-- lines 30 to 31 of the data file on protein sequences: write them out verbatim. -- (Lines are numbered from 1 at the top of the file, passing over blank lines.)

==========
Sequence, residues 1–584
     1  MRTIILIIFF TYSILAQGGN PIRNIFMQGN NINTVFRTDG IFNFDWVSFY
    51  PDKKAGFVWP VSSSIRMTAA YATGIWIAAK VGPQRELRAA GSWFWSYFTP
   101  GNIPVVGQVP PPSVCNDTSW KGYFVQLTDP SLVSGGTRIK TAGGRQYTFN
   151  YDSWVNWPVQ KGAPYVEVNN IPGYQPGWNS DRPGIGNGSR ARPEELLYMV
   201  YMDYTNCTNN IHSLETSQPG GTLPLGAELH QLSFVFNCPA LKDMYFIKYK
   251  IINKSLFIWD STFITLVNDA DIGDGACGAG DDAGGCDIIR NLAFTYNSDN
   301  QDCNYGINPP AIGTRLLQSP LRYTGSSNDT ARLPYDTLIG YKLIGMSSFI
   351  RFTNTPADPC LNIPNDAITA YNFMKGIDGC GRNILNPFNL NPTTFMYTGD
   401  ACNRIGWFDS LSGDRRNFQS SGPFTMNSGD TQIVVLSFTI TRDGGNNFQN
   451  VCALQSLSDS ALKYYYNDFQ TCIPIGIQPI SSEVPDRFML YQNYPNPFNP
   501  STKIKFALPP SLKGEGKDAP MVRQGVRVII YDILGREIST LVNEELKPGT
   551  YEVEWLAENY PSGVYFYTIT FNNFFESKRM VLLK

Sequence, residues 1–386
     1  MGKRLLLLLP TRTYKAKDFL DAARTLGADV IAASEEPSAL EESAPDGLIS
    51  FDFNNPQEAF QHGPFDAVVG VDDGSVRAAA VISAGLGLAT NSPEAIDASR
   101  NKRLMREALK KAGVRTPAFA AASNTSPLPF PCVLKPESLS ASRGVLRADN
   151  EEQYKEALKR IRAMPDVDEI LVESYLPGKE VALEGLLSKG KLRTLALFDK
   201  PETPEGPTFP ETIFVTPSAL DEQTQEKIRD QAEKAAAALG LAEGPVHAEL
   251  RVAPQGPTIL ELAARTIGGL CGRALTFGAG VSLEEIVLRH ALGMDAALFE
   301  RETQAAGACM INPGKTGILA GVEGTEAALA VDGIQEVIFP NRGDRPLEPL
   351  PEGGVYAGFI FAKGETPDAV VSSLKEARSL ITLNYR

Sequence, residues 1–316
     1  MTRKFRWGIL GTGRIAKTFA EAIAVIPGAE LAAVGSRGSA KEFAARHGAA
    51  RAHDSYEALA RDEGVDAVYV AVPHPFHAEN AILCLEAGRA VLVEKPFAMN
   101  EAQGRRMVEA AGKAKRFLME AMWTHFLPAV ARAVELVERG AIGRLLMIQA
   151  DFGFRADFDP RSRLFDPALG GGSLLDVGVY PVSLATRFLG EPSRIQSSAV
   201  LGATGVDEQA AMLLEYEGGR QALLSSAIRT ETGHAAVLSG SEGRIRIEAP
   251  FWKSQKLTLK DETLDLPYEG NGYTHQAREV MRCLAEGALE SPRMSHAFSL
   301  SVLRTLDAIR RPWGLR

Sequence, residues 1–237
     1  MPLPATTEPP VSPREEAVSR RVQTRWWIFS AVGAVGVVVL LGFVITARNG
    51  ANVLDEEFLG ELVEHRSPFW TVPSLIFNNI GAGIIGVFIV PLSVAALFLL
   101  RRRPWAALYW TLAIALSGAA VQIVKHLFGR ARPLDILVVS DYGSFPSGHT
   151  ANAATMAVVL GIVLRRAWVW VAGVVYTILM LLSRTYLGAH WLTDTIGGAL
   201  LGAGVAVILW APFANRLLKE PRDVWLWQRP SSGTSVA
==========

   301  SVLRTLDAIR RPWGLR

Sequence, residues 1–237